Werwolves in fantasy literature

The werewolf (a human with the ability to shape shift into a wolf) first appeared in Ancient Greek literature and mythology, notably in the works of Petronius and Herodotus. In Roman times Ovid, Virgil and Pliny the Elder wrote of human beings transforming into wolves. Famous fantasy literature involving the lycanthrope include Rachel Hawthorne's Dark Guardian novels, JK Rowling's Harry Potter novels and the works of Charles de Lint, Terry Pratchett, Fritz Leiber and Poul Anderson.

Recommended Reading

Fourteen-year-old Tory Brennan is as fascinated by bones and dead bodies as her famous aunt, acclaimed forensic anthropologist, Tempe Brennan. However living on a secluded island off Charleston in South Carolina there is not much opportunity to put her knowledge to the test. Until her and her ragbag group of technophile friends stumble across a shallow grave containing the remains of a girl who has been missing for over thirty years. The question is, did whoever was responsible for the girl's death have anything to do with the sick puppy they rescued from a secret laboratory on the same island? With the cold-case murder suddenly hot, Tory realises that they are involved in something fatally dangerous. But events take a turn for the bizarre when they escape some would-be attackers by using physical powers more akin to a dog than a human... Could the puppy hold the key not only to the murder, but also the strange changes that are taking place in their bodies?

"All in all I found that this specific combination of supernatural and forensic science worked to it fullest in Virals producing a very engaging, unique and interesting story. This unique blend did greatly appeal to me and I know that it will appeal for a broad younger audience. Now that the Virals have truly grown into their powers… anything can happen." Fantasy Book Review

The body of a young girl is found mangled and murdered in the woods of Hemlock Grove, Pennsylvania, in the shadow of the abandoned Godfrey Steel mill. A manhunt ensues - though the authorities aren't sure if it's a man they should be looking for. Some suspect an escapee from the White Tower, a foreboding biotech facility owned by the Godfrey family - their personal fortune and the local economy having moved on from Pittsburgh steel - where some suspect that biological experiments of the most unethical kind take place. Others turn to Peter Rumancek, a Gypsy trailer-trash kid who has told impressionable high school classmates that he's a werewolf. Or perhaps it's Roman, the son of the late J. R. Godfrey, who rules the adolescent social scene with the casual arrogance of a cold-blooded aristocrat, his superior status unquestioned despite his decidedly freakish sister, Shelley, whose monstrous medical conditions belie a sweet intelligence, and his otherworldly, sexy control freak of a mother, Olivia. As the crime goes unsolved and the police seem more and more willing to believe any outlandish rumour, Peter and Roman decide the only way to save their own skins is to find the killer themselves. Along the way they uncover local secrets and designs that are much bigger than some small-town murder.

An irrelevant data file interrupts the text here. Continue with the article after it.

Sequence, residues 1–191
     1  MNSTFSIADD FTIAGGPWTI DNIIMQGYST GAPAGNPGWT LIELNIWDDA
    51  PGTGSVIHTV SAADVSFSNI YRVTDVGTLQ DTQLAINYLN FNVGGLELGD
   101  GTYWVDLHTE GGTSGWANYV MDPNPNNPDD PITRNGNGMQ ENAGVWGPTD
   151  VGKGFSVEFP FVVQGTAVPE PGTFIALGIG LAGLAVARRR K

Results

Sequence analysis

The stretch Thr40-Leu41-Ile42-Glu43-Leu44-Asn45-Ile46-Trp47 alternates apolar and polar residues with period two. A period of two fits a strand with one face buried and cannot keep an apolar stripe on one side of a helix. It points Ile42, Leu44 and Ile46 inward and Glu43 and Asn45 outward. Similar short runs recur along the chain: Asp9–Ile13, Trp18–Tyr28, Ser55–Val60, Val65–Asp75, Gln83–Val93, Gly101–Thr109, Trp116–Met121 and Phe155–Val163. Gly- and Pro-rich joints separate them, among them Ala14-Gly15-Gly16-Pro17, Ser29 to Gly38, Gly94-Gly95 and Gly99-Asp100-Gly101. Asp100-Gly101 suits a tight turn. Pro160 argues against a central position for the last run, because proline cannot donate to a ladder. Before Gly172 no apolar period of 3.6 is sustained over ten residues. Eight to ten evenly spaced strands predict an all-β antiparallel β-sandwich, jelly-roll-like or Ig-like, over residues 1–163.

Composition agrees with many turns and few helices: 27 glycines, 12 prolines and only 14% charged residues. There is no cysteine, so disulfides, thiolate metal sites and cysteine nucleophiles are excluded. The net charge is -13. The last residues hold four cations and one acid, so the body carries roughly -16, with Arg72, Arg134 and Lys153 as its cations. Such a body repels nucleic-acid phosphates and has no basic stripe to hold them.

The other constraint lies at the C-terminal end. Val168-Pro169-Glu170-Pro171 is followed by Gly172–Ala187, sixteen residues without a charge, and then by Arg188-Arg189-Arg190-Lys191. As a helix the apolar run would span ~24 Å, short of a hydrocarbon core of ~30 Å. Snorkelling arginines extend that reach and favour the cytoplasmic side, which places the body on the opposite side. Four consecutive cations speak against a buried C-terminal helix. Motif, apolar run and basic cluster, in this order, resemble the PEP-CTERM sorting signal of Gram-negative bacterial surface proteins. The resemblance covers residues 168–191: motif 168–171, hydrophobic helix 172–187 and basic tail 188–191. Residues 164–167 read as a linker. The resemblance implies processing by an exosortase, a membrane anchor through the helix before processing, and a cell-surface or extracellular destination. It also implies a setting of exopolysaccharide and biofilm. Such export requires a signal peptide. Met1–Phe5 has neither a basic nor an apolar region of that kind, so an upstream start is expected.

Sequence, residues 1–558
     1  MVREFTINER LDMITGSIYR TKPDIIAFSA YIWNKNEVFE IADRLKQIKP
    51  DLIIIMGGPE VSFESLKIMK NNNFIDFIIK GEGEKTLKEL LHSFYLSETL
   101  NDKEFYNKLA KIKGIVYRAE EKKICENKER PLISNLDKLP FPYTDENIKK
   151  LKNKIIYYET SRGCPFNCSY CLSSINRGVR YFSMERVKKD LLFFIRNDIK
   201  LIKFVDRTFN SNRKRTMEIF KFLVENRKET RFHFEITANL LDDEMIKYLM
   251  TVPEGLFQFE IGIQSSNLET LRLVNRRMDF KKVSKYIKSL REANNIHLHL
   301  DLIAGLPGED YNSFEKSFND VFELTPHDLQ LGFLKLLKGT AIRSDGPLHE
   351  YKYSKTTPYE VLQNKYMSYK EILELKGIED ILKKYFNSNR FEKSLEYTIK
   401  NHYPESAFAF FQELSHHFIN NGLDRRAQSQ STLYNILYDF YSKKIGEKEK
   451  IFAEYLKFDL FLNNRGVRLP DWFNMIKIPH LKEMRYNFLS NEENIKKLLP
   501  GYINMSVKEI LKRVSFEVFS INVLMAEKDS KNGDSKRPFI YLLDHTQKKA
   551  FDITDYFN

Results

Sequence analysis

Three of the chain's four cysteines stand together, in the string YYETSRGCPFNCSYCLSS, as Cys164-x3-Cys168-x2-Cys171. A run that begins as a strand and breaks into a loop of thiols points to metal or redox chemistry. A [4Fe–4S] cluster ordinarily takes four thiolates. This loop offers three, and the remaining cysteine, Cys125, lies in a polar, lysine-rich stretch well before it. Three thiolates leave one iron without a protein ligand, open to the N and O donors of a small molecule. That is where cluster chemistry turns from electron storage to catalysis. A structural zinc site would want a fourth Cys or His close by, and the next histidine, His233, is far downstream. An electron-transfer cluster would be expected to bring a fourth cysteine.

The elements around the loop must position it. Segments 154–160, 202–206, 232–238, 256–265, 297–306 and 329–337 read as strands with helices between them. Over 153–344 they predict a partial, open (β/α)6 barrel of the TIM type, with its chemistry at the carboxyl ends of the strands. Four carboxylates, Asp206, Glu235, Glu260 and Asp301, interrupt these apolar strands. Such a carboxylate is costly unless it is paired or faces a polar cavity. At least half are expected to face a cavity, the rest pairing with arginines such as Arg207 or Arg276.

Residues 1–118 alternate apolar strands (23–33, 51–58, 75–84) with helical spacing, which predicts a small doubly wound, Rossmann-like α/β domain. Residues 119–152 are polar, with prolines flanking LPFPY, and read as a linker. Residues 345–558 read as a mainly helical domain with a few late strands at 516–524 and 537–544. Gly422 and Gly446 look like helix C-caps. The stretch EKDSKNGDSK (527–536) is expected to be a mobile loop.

"This is for those who want their horror laced with sex, violence and things better left unexplained." Cat Fitzpatrick, Fantasy Book Review

A small, quiet Midwestern town, unremarkable save for one fact: when the local teenagers reach a certain age, they run wild. When Lumen Fowler looks back on her childhood, she is surprised that she became a kind suburban wife, a devoted mother. In fact, she never thought she would escape her home town. When We Were Animals is Lumen's confessional: as a teenager, she fell beneath the sway of her community's darkest, strangest secret. For one year, beginning at puberty, every resident breaches during the full moon. On these nights, adolescents run wild, destroying everything in their path. For as long as she can, Lumen resists. Promising her father she will never breach, she investigates the mystery of her community's traditions and the stories erased from the town record. But the more we learn about the town's past, the more we realize that Lumen's memories are harbouring secrets of their own.

"The writing is beautiful: poetic and vivid and this includes the dialogue. This is a book you just need to sit down and read, allow the words to wash over you and experience Lumen’s extraordinarily eventful life. It will stay with you long after the last page is finished."

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Inspired by ancient folklore and mythology
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Explore the ancient Roman Empire
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Books exploring the galaxy of the ever-popular franchise
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House of Small Shadows
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Love Lord of the Rings? Now try these...
The Time Traveller's Almanac
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